Lessons in UnitsCCSS Units
What’s the ideal size of a soda can? Students create rational functions to explore the relationship between volume, surface area, and cost to determine the optimal size of a soda can.
How much of what we see is advertising? Students decompose irregular polygons into triangles and rectangles, find their areas to estimate the fraction of a scene that’s advertising, and discuss the pros and cons of living in an ad-free world.
How has the human population changed over time? Students develop exponential models to analyze human population growth and explore the impact this growth will have in areas around the world.
How should the winner of The Biggest Loser be chosen? Students compare pounds lost vs. percent lost, and analyze historical data to determine which method produces the fairest game.
Could Inspector Javert have survived the fall? Students use quadratic models to determine how high the bridge was in Les Misérables, and explore the maximum height from which someone can safely jump.
How do you create simple video games? Students apply geometric transformations to build (and play) their own games.
How much is Domino’s really charging for pizza? Students use slope, y-intercept, and linear equations to explore the costs of different-sized pizzas at Domino’s and debate whether the pizza chain should be more transparent in its pricing.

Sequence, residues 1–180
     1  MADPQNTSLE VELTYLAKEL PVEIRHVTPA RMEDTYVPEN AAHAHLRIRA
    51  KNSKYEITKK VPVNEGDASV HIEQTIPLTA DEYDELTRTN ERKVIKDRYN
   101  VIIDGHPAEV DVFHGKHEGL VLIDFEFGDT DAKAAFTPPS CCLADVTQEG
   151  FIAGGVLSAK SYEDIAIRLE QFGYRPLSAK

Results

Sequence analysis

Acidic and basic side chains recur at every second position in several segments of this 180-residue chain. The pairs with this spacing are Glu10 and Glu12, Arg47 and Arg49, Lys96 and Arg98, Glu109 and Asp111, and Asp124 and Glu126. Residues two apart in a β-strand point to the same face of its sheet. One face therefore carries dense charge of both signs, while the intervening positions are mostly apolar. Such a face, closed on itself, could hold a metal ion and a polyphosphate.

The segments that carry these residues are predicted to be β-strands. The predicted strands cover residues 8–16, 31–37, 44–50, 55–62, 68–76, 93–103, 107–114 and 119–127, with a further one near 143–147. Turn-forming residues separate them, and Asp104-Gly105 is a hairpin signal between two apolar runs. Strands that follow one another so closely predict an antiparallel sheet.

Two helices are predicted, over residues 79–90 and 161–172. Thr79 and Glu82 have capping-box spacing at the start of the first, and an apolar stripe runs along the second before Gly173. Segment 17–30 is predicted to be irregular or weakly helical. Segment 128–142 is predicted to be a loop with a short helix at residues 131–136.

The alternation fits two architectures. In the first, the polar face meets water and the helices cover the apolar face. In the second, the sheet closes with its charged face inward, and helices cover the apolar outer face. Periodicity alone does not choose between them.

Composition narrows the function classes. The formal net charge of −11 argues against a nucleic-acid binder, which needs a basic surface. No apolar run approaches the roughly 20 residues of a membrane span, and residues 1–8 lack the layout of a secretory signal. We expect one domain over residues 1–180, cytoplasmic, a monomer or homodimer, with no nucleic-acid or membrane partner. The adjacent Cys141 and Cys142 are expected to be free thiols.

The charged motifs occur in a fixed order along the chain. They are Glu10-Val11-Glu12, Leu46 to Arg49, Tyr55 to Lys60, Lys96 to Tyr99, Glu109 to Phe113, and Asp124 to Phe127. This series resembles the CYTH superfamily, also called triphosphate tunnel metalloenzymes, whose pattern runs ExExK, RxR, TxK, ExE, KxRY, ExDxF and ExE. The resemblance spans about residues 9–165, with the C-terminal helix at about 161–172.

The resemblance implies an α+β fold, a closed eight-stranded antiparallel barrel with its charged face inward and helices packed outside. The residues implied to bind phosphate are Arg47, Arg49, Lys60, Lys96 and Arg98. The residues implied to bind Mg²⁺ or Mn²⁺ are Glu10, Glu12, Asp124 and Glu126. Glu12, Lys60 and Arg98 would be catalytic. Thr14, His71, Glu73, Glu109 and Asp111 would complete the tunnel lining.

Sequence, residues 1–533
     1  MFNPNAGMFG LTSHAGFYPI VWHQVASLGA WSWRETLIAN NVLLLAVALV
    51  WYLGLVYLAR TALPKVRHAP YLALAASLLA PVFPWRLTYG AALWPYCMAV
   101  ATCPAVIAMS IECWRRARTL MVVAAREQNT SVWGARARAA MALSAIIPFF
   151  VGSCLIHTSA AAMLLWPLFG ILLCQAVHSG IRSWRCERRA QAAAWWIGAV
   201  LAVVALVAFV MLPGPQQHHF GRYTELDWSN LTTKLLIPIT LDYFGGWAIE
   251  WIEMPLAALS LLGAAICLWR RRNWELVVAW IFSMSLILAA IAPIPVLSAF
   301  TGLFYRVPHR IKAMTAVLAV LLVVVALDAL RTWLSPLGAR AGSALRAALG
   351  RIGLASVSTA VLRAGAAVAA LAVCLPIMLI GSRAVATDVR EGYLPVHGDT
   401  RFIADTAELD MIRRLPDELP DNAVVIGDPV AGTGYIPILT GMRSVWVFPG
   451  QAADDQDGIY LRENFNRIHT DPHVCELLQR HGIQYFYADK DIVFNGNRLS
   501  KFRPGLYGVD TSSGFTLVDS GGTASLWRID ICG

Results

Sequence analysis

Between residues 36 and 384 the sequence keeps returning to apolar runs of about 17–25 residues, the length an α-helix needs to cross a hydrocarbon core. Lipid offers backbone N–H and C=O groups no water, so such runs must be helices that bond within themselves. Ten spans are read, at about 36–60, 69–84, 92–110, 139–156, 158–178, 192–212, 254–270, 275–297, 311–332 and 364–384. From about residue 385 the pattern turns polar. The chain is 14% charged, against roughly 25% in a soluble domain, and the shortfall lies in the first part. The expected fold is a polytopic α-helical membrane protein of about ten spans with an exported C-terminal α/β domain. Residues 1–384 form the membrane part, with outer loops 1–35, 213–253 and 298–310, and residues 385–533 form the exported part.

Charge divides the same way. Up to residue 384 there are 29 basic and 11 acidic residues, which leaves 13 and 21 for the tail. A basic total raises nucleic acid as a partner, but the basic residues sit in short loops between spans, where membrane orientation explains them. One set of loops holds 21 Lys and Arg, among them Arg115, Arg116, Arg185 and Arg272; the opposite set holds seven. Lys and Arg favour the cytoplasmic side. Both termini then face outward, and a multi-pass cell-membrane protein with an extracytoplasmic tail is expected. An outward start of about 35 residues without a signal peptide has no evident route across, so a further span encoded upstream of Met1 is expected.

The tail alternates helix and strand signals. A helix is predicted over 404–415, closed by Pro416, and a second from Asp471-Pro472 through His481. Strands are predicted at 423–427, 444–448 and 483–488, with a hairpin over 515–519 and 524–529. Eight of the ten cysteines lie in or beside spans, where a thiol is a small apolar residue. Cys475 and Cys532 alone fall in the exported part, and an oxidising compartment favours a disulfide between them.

What secrets are hidden in squares? Students use concrete models to explore square numbers and square roots and confront the philosophical and moral questions posed by the existence of irrational numbers.
How do we view and create objects in 3D? Using MRI images, students study the connection between objects and their cross sections to understand 3D printing, its benefits, and its risks.
Why do manmade objects look the way they do? Students analyze the symmetry of objects, use geometric reflections to construct symmetrical images of their own, and debate the nature of beauty and perfection.
What should teacher salaries be based on? Students will use and compare linear functions to analyze how teacher pay is currently determined, and decide whether they would give merit-based pay an A+ or failing marks.
What makes for happy countries? Students interpret lines of best fit and correlation coefficients to determine what types of policy changes are most likely to positively impact a country’s well-being.
Have income distributions in the U.S. improved over time? Students compare percentages of total income earned by different subgroups of the working population and decide whether or not the “American Dream” is equally achievable by all Americans.
What's the best way to bet on the Super Bowl? Students add and subtract positive and negative numbers to determine which bets have been the most effective and consider the best ways to win big on the big game.
Which crops should farmers grow? Students use linear relationships and proportional reasoning to explore comparative advantage and the risks and benefits of trade.